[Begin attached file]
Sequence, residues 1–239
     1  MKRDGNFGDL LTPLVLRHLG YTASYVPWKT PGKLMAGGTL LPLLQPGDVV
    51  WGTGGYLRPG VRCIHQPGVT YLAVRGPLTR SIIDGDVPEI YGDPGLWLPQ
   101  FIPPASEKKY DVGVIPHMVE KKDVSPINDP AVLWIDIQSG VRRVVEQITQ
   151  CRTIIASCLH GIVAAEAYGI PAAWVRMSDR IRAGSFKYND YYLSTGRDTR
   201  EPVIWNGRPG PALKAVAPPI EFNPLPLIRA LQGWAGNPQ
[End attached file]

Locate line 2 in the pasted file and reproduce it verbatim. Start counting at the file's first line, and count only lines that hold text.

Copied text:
     1  MKRDGNFGDL LTPLVLRHLG YTASYVPWKT PGKLMAGGTL LPLLQPGDVV